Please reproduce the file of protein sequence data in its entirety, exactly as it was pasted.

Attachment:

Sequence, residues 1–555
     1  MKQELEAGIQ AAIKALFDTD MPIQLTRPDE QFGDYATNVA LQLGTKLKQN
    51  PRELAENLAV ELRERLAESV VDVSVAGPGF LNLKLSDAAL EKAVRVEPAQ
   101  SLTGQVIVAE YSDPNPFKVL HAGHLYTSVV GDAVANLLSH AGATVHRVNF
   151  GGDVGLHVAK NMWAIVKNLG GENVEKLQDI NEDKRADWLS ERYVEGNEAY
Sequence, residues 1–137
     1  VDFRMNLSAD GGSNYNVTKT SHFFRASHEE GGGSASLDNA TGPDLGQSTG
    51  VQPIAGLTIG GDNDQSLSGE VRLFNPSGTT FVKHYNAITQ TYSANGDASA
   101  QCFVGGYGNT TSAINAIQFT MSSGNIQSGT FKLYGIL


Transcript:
Sequence, residues 1–555
     1  MKQELEAGIQ AAIKALFDTD MPIQLTRPDE QFGDYATNVA LQLGTKLKQN
    51  PRELAENLAV ELRERLAESV VDVSVAGPGF LNLKLSDAAL EKAVRVEPAQ
   101  SLTGQVIVAE YSDPNPFKVL HAGHLYTSVV GDAVANLLSH AGATVHRVNF
   151  GGDVGLHVAK NMWAIVKNLG GENVEKLQDI NEDKRADWLS ERYVEGNEAY
Sequence, residues 1–137
     1  VDFRMNLSAD GGSNYNVTKT SHFFRASHEE GGGSASLDNA TGPDLGQSTG
    51  VQPIAGLTIG GDNDQSLSGE VRLFNPSGTT FVKHYNAITQ TYSANGDASA
   101  QCFVGGYGNT TSAINAIQFT MSSGNIQSGT FKLYGIL